Jonah Goldberg

William F. Buckley died this week at the age of 82. He was, among other things, the founder of National Review (my professional home for the last decade), architect and leader of the modern American conservative movement, host of "Firing Line" (where he was the longest-serving television host in history), renowned author of some 50 books - which included spy novels, political polemics, histories, biographies, sailing memoirs and countless animadversions of an acutely sesquipedalian flavor, as the peripatetic proselytizer of polysyllabism might say - harpsichord recitalist, syndicated columnist, esteemed lecturer (he gave some 70 speeches a year for decades), adventurer, father of acclaimed novelist and journalist Christopher Buckley and husband to philanthropist Patricia Buckley, one-time New York City mayoral candidate (when asked what he would do if he won, he responded, "Demand a recount"), mentor to countless young conservatives and inspiration to millions more.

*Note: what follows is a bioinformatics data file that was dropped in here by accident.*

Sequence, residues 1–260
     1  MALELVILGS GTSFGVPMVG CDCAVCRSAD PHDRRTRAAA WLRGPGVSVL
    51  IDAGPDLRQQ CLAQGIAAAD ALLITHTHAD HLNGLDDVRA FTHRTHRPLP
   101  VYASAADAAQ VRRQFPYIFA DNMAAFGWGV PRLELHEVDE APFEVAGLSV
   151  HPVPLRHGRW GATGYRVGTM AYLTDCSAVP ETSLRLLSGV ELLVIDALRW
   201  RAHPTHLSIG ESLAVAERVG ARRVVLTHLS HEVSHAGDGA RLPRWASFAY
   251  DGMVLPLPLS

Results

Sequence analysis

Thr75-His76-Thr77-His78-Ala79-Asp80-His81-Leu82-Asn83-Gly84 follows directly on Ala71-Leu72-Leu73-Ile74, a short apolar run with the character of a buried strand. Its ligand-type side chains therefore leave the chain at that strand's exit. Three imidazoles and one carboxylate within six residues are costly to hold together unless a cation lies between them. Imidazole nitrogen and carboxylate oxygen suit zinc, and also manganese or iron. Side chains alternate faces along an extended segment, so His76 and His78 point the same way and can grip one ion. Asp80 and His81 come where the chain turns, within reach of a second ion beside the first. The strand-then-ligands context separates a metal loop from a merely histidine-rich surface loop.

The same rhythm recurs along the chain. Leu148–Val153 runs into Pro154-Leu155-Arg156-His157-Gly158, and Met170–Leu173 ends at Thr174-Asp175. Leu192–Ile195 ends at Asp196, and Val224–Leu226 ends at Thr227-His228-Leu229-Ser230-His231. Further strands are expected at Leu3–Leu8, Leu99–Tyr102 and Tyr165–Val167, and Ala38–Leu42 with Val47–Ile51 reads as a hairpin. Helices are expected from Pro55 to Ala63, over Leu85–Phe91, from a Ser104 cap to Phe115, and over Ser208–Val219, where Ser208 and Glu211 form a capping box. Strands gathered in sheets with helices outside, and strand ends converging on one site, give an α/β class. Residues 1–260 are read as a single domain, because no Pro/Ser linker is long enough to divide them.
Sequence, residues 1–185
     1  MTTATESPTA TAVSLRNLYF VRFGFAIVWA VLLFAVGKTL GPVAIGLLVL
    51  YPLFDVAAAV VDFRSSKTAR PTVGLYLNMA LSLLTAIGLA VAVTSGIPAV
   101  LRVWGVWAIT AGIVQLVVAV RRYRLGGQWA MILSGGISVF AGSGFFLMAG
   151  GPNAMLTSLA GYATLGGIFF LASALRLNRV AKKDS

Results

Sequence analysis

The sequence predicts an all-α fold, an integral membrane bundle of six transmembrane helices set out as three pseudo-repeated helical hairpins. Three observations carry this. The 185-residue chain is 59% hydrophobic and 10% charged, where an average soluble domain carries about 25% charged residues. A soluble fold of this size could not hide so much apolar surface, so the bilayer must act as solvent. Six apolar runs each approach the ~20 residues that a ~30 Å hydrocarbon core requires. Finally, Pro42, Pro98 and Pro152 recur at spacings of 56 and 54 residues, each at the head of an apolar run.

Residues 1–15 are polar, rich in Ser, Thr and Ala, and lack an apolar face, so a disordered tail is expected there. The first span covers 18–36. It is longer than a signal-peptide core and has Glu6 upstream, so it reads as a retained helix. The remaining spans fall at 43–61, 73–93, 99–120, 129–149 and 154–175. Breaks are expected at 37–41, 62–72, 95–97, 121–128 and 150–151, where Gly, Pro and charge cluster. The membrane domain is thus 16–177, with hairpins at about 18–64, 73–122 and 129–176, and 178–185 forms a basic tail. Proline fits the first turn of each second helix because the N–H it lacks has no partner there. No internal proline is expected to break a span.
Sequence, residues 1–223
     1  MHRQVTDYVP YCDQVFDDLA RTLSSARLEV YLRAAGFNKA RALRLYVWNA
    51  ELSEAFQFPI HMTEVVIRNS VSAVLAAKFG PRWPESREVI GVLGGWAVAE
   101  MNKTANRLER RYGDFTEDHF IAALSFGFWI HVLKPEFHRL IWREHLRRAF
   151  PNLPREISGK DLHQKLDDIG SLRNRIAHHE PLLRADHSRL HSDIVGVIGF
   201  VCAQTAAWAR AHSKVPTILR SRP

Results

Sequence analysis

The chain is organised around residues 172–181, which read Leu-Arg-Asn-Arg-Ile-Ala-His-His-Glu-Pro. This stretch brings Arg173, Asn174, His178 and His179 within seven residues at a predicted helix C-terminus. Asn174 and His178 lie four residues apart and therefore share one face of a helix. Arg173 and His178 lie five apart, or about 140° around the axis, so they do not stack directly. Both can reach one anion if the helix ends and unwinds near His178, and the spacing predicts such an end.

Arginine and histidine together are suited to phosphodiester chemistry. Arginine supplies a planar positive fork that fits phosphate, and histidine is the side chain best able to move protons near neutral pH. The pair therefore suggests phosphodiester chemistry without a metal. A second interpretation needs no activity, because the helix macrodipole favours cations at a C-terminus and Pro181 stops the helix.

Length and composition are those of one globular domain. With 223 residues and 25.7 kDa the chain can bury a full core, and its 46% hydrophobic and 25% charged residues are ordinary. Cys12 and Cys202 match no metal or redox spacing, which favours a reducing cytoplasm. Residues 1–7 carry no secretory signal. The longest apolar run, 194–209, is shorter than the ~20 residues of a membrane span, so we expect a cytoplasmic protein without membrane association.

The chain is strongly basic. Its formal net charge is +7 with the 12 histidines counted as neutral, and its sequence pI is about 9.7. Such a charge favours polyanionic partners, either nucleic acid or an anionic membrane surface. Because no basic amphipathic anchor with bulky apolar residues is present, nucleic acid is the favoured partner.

In short, his life was richer and more packed than an overburdened sentence, such as the above.

In the inaugural issue of National Review, he set out to "stand athwart history, yelling Stop."

That rallying cry has always earned the scorn of liberals and leftists who believe in their bones that they are the servants of Progress, and that Progress is something you can't stand in the way of. (Alas, it has also elicited rolling eyes and titters from a new generation of self-described "compassionate conservatives" who believe that the government is there to love you.)

Still, it was the Marxists who best articulated this conviction that with every page ripped from the calendar, humanity was closer to the ideal of universal collective endeavor. They spoke of cold impersonal forces of history moving inexorably toward a utopia where, it just so happened, people like them would be in charge.

But Marxism was merely one expression of this conviction, which had stained the American soul well before Buckley was born. For example, in 1892, James Baird Weaver, the Populist Party's presidential nominee, spoke for coming generations of Progressives, reformers and activists when he proclaimed, "We have tried to show that competition is largely a thing of the past. Every force of our industrial life is hurrying on the age of combination. It is useless to try to stop the current."


Jonah Goldberg

Jonah Goldberg is editor-at-large of National Review Online,and the author of the forthcoming book The Tyranny of Clichés. You can reach him via Twitter @JonahNRO.
 
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